Trump Advisors Plan to Privatize Native Lands to Tap Into Oil Rich Reservations
The Dakota Access Pipeline (DAPL) is only one battle in a larger war. Following news of the Army Corps' decision to halt the pipeline's construction, Reuters reported that President-elect Donald Trump's advisors are seeking to privatize Native American reservations, which sit on an estimated 20 percent of the nation's oil and gas, along with large amounts of coal reserves. These resources are worth nearly $1.5 trillion.
Fracking flares near agricultural land and a lake near the Fort Berthold Reservation, North Dakota.Emily Arasim
"We should take tribal land away from public treatment. As long as we can do it without unintended consequences, I think we will have broad support around Indian country," said Rep. Markwayne Mullin (R-OK), a Cherokee tribe member and chair of Trump's 27-member Native American Affairs Coalition.
The formation of the coalition was announced in October with the aim of electing Trump for president.
"As a local elected official, I am outraged that Indian Country is prevented from harnessing our own energy resources by ever-increasing regulations," state Rep. Sharon Clahchischilliage (R-NM 4th District), a Navajo tribe member and coalition co-chair, said in October. "The Trump Administration will ease restrictions on American energy reserves worth trillions of dollars. Together we will block the bureaucrats holding Native American businesses back and bring new jobs into our communities."
As it happens, three of the four chair-level coalition members have ties to Big Energy. According to campaign finance disclosures cited by Reuters, Mullin has received about eight percent of his campaign funds from energy companies while Clahchischilliage has received about 15 percent of her campaign funds from energy companies.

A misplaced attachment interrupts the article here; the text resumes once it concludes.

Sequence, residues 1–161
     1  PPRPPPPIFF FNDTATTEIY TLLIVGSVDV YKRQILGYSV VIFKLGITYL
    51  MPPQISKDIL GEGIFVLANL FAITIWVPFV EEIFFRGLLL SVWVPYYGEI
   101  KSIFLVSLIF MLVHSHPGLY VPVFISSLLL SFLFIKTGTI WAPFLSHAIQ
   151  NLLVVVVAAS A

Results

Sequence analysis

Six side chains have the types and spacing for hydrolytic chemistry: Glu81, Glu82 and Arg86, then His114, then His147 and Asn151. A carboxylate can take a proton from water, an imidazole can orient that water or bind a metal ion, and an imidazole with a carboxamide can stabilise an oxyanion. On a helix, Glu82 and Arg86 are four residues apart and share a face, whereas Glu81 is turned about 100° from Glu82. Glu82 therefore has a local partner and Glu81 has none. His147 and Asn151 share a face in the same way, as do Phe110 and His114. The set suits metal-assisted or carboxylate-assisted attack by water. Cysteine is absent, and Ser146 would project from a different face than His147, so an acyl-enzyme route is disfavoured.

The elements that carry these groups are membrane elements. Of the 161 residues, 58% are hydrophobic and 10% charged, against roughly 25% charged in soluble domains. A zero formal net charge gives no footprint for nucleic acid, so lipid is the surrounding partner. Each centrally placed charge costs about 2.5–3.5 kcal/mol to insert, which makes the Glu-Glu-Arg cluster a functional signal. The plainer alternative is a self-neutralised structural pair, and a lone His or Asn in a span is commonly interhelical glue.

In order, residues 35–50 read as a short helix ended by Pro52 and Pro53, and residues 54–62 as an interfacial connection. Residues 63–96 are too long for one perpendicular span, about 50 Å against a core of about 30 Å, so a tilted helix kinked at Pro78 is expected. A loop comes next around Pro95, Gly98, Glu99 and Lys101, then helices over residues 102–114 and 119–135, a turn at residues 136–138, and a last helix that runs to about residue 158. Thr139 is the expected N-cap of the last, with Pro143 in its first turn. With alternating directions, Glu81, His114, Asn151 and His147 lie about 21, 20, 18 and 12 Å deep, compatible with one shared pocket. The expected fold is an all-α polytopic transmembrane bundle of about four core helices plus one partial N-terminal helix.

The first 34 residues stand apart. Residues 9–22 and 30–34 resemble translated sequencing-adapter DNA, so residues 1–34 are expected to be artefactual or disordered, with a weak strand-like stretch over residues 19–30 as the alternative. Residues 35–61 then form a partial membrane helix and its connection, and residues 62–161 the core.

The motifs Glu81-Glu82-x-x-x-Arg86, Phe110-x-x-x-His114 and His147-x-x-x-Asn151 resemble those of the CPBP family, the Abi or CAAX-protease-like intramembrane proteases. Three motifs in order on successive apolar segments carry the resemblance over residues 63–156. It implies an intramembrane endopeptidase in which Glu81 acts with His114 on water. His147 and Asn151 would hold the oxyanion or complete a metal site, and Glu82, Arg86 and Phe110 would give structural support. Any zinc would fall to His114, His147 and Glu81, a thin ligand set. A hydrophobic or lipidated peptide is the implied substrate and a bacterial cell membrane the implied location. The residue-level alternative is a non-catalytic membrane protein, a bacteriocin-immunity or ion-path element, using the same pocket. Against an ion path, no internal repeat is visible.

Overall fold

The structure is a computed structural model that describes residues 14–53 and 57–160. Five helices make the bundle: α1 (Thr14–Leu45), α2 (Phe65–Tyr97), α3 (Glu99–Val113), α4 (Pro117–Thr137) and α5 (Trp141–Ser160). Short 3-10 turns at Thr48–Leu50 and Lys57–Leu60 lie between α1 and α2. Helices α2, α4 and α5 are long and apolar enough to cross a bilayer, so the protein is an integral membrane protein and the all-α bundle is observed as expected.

Fellow co-chair and Cherokee nation ex-chief Ross Swimmer said it is possible to privatize reservations while limiting land sales to non-Indian buyers.
"It has to be done with an eye toward protecting sovereignty," said Swimmer, who is a partner at an Native American-focused investment fund that has invested in Energy Transfer Partners, the owner of the heavily contested DAPL.
However, prominent Native American leaders have spoken against privatization.
"Our spiritual leaders are opposed to the privatization of our lands, which means the commoditization of the nature, water, air we hold sacred," said Tom Goldtooth, who runs the Indigenous Environmental Network and is a member of both the Navajo and the Dakota tribes.
"Privatization has been the goal since colonization—to strip Native Nations of their sovereignty," Goldtooth added.
Thousands of Dakota Access Pipeline protestors are celebrating after the Army Corps' rejection of the DAPL project but many water protectors also recognize the fight is not yet over. As Goldtooth said, this is "check, not checkmate."
Despite the Army Corps' decision, Energy Transfer Partners said that it is still committed to seeing this "vital" pipeline "brought to completion."
My dad's words: This is Check, not Checkmate. Boom.— Dallas Goldtooth (@Dallas Goldtooth)1480917568.0
Trump has holdings in Energy Transfer Partners and officially voiced support for the pipeline, even though his team said his support "had nothing to do with his personal investments and everything to do with promoting policies that benefit all Americans." The incoming president has also picked climate change deniers and pro-fossil fuel bigwigs for cabinet positions.
Not only that, many pro-drilling politicians currently sit in a GOP-controlled House of Representatives and Senate. Following the Army Corps' Sunday announcement, House Speaker Paul Ryan (R-Wis.) tweeted: "This is big-government decision-making at its worst. I look forward to putting this anti-energy presidency behind us."
This is big-government decision-making at its worst. I look forward to putting this anti-energy presidency behind u… https://t.co/Dxcmrtv8dy— Paul Ryan (@Paul Ryan)1480896134.0